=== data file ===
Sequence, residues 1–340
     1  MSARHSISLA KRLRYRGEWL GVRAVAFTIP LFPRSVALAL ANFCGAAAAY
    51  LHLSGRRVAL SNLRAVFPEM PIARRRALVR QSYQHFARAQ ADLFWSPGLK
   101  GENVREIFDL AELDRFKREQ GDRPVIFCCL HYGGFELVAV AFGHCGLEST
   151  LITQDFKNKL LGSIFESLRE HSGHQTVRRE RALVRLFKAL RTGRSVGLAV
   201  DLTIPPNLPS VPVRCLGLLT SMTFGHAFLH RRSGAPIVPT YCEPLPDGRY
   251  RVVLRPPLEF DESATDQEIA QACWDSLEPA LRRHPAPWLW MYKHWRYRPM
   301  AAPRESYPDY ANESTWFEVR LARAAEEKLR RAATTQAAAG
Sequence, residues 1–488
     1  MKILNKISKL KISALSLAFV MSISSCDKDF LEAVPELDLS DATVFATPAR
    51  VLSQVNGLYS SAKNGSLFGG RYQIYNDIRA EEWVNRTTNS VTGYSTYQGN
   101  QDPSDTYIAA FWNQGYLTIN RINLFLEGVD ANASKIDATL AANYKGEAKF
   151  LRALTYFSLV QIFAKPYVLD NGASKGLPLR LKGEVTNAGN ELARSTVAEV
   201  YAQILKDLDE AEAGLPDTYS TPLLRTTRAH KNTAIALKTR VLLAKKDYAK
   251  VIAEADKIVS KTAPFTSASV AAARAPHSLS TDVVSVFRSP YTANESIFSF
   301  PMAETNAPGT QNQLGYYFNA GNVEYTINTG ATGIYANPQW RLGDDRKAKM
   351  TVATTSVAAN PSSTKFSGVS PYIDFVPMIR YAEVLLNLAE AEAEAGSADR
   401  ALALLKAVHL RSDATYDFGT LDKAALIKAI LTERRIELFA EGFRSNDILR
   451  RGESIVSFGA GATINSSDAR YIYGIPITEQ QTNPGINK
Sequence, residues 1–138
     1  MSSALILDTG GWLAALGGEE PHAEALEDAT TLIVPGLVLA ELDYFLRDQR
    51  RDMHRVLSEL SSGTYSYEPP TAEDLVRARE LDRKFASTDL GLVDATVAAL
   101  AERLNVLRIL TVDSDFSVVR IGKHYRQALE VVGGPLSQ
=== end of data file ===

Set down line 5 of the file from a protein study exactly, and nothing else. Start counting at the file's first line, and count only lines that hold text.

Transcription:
   151  LITQDFKNKL LGSIFESLRE HSGHQTVRRE RALVRLFKAL RTGRSVGLAV